Huge construction 3D printer goes live

One of the world’s largest hybrid 3D printing machines, capable of producing large parts and structures for construction projects, has gone live.

The Large Additive Subtractive Integrated Modular Machine (LASIMM), which has been developed in Spain, is the first of its kind and features unique metal additive and subtractive capabilities.

The European Union’s Horizon 2020 research and innovation programme has funded ten partners, including Autodesk, universities, research institutions and other technology providers, to produce a machine that can manufacture components for the most demanding industries, all directly from CAD models.

The machine will now be tested to manufacture demonstrator parts. It can undertake additive manufacturing, machining, cold-work, metrology and inspection.

Its developers claim it will 20% reduction in time and cost expenditure over more traditional hybrid manufacturing of large engineering parts, as well as a 15% increase in productivity for high-volume additive manufacturing production.

The machine includes a modular configuration of industrial robot arms and a specialised milling robot – the first for additive manufacturing of aluminum and steel, and the second for machining away surplus material to provide the final finish.

The developers say this process will enable entire large-scale industries to move away from standardised components and towards bespoke solutions for industries such as aerospace, renewables, energy, transport, construction and many more.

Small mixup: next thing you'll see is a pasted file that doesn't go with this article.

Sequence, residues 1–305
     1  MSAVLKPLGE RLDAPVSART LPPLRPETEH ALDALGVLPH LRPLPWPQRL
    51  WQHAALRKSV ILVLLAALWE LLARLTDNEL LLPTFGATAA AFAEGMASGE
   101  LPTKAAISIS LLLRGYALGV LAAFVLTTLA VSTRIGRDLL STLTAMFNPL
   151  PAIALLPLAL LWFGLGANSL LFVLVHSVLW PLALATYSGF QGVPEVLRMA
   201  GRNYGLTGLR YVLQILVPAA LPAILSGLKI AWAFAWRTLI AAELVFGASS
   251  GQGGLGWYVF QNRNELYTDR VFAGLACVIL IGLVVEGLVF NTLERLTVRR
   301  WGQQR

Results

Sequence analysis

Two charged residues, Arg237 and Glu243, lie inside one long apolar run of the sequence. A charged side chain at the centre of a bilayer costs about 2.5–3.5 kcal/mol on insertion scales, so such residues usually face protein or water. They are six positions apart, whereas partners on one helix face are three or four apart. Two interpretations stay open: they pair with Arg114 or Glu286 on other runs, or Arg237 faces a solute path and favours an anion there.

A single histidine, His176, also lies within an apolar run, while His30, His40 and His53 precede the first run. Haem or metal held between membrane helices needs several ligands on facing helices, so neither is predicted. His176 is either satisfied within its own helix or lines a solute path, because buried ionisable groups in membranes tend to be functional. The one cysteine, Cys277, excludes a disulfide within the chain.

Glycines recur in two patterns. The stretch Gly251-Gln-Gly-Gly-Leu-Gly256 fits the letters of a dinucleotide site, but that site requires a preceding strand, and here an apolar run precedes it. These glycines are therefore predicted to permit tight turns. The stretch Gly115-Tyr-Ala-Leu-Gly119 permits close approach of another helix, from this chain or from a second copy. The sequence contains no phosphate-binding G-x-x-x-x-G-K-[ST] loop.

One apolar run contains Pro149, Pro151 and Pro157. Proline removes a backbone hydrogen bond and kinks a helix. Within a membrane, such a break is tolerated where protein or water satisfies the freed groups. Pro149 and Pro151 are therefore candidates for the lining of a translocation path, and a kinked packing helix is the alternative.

‘Significant impact’

Eurico Assuncao, deputy director at European Federation for Welding, Joining and Cutting and the LASIMM project coordinator said: “While 3D printing for consumers and makers has received a great deal of publicity, it is within the industrial manufacturing and construction industries that this technology could have its most significant and lasting impact. Its use has now reached a tipping point and this technological achievement will pave the way to enable entire construction infrastructures to be 3D printed in the future.

“At the EWF, we are hard at work to ensure this advanced equipment is handled by adequately trained and qualified professionals. We are thrilled to be part of this unique project.”

Johnny van der Zwaag, project manager research and innovation projects at Autodes, the project’s lead software partner, said: “For Europe’s future industrial competitiveness, the LASIMM project represents a mighty leap forward for hybrid manufacturing and will enable many countries to produce far larger materials, both more quickly and cost effectively.

“The project has brought hybrid manufacturing to a truly global and industrial scale. To date, 3D printing has been limited to smaller components and is often seen as an expensive option.

“But the technology, both software and hardware that has been implemented within this project, shows that it is now ready for bigger things. We’re delighted to be part of it and to have the opportunity to show the world what’s possible.”

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